Heat pumps – Obvious but… neither ‘hot’ nor ‘cool’?

Dec. 14, 2017 | Read the input of EHPA in the latest edition of the Heat Pumping Technologies Magazine.

Major reference research organisations have placed heat pump technologies under very favourable light in recent years. For many good reasons, as heat pumps eliminate the need for undesirable fossil fuel imports, they decarbonise and make Europe’s economy competitive by using renewable or waste energy. They offer smart and highly efficient solutions for the residential, commercial and industrial sector and can operate well in combination with other heating and cooling solutions.

It is striking however that - although the EU will not be able to meet its climate and energy goals without their massive deployment - heat pumps still seem not to deserve the same degree of attention from policy-makers as other clean technologies. In this regard, the Clean Energy for All Europeans’ package adopted by the European Commission in November 2016 (currently discussed by the EU co-legislators) fuels the EU energy policy framework with fresh examples of the continuous “apathy” of policy makers towards heat pumps* . This is a serious issue, as the visibility granted to certain solutions over others conveys signals to potential private and public investors that would be able and willing to accelerate the deployment of sustainable solutions for our societies.

So why are EU policy makers so “shy” about heat pumps?

Heat pumps are not ‘hot’…

A first possible explanation could be the lack of awareness on the functioning of heat pumps and on their multiple benefits for the consumers and the energy system, which makes it more difficult for policymakers to spontaneously promote them.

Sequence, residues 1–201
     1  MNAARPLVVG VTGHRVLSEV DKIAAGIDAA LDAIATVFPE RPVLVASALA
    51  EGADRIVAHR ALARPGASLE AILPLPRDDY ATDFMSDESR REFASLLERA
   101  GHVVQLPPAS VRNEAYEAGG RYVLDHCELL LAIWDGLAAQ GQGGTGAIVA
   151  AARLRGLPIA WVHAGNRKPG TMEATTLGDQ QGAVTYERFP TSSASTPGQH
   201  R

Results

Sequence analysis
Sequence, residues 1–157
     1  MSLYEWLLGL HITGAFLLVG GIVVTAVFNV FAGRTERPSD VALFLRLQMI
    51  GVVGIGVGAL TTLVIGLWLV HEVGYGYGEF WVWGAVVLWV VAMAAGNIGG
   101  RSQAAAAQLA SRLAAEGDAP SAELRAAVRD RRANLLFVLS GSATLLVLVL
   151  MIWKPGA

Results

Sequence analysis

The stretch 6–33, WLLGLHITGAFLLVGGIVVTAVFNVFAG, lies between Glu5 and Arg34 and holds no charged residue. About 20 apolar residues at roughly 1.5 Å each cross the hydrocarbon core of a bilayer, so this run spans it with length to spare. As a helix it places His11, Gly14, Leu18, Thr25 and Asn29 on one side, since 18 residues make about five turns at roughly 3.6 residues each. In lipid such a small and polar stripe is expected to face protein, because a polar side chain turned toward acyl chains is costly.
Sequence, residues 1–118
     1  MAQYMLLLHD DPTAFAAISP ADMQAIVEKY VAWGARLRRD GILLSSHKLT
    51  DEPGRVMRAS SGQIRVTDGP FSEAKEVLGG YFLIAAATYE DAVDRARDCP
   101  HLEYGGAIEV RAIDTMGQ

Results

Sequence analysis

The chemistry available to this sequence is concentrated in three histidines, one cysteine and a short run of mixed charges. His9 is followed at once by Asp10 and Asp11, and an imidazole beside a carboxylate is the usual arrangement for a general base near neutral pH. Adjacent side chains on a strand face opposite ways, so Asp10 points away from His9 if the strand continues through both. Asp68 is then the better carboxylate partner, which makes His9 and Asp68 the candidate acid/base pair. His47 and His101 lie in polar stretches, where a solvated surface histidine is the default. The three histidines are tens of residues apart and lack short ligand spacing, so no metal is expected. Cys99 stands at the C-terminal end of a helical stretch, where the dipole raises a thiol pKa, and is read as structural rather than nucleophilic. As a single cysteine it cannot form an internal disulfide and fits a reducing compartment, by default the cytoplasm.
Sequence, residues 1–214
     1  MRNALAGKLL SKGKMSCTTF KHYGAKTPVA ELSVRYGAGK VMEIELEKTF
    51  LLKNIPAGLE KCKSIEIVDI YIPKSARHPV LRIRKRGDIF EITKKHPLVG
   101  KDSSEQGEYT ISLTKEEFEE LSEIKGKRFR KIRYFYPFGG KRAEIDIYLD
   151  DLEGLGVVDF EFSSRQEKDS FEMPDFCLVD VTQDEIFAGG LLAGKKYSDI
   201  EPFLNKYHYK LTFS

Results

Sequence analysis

Second, technology-neutrality has often been the leitmotiv of policy-makers, who argue that the promotion of one technology over another can distort the energy market and possibly lead to lock-in effects. However, it is worth noting that this concept has not been applied to other ‘hotter’ systems, which have been openly promoted across EU policies…

Or maybe it is the double affiliation of heat pumps to the communities of ‘high-efficiency systems’ and ‘renewable technologies’ that can explain their lack of visibility?

Heat pumps are not ‘cool’…

Another problem could be their lack of physical visibility (compared with PV or windmills). This could prevent policy-makers from leaving a tangible legacy of their political achievements… The difficulty may also come from the word ‘heat pump’ itself (and not only in English!), which is neither poetic, nor able to fully convey the integrative nature of the technology (that is also used for cooling, storage, etc.).

However, it is still possible to re-enchant policy-makers and make heat pumps ‘hot’ and ‘cool’ again. Therefore, it is crucial that the heat-pump community remains constantly active on raising awareness on the technology not only for tomorrow’s desired green, competitive and digital EU, but also for today’s.

Authors: Oilver Jung & Cristina Pini

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* In the proposed new Renewable Energy Directive, there is a specific article on district heating (article 24). There is no equivalent article relating only to heat pumps. Moreover, heat pumps are still the only renewable technology in that Directive subject to efficiency requirements (article 7) to be accounted for as renewable. In the new proposed Energy Performance of Buildings Directive, the mentioning of ‘heat pumps’ as one of the ‘high efficiency alternatives’ to be considered by planners for new buildings (article 6) and renovations (article 7) has been removed from the text. In the same document however, considerable attention has been given to electric charging points for vehicles…